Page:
WildEarth Guardians joined a coalition of conservation, sportsman, and health groups today in calling on the Environmental Protection Agency, or the EPA, to follow through with its proposal to clean up New Mexico’s San Juan Generating Station.
The EPA’s plan came in response to New Mexico’s failure to develop a legally adequate clean up plan earlier this year for the coal-fired power plant located west of Farmington, New Mexico. Since then, Public Service Company of New Mexico, also known as PNM, and the State of New Mexico, have attempted to use politics to derail the EPA’s reasonable clean air strategy. It’s not surprising: the New Mexico Environment Department hand in hand with PNM met with EPA on March 8, March 22, and March 29, 2011, all in an effort to convince them to abandon their clean air plans.
The whole thing is crazy because the New Mexico Environment Department originally supported a strong clean up plan at the San Juan Generating Station, urging that selective catalytic reduction be used to limit nitrogen oxide emissions at the coal-fired power plant’s four boilers. Nitrogen oxides contribute to smog, haze, and even acid rain. Of course, that was before Susana Martinez, a right-winger, took over as Governor of New Mexico. At the March 22 meeting with EPA, Raj Solomon with the New Mexico Environment Department noted:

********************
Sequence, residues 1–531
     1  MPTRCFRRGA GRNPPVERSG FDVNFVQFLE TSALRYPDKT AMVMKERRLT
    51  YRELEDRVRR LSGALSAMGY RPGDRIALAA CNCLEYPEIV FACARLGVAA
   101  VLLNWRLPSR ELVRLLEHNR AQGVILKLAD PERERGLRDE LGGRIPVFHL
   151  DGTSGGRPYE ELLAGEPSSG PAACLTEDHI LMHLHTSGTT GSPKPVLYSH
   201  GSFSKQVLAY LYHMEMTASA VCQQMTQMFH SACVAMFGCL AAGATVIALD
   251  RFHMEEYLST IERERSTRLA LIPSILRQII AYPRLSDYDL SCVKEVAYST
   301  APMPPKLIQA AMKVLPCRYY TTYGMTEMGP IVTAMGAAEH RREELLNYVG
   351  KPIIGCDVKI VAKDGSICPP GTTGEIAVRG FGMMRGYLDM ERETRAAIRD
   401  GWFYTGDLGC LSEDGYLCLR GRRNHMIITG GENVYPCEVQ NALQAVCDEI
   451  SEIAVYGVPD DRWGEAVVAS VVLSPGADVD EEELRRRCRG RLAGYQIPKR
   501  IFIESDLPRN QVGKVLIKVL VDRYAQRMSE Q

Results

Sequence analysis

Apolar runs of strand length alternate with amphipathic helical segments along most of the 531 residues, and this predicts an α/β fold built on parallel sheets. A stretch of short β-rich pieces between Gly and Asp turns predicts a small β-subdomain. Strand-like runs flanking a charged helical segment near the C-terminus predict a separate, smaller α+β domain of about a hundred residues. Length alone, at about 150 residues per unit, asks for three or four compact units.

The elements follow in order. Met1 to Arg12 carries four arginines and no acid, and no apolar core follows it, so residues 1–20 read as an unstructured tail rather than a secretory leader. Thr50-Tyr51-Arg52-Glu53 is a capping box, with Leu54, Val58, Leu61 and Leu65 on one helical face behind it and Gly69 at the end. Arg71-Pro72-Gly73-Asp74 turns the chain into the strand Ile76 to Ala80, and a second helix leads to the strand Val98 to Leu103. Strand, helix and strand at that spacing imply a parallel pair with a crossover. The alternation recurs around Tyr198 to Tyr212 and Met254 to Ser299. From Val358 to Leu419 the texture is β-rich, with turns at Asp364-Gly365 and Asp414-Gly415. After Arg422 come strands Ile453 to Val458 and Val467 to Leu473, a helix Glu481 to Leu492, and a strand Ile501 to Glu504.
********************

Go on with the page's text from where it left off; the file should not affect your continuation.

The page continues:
Mr. Solomon mentioned there was a new administration in New Mexico with a new Board and that the San Juan Generating Station (SJGS) BART determination had been revised from a determination that SCR was BART to one in which SNCR was BART.
SNCR is selective noncatalytic reduction, which is a second tier control technology that is cheaper and achieves minimal reductions in air pollution. It’s like using a sock to reduce air pollution from your car’s tailpipe. Consider that under New Mexico’s plan, nitrogen oxides would by reduced by around 20%, yet under EPA’s proposal, they would be reduced by more than 80%.
Thankfully, while the New Mexico Environment Department together with PNM are playing games with clean air, the EPA seems poised to do what’s necessary to safeguard public health and the environment. According to a legal consent decree with WildEarth Guardians, the EPA has to finalize its clean air plan by August 5th. So far, things seem on course. Together with our partners, we sincerely hope the EPA stays on course to finalize its retrofit plan in order to pave the way for cleaner energy. Our health and our environment depends on it.
The San Juan Generating Station, an 1,800 megawatt coal-fired power plant in northwestern New Mexico.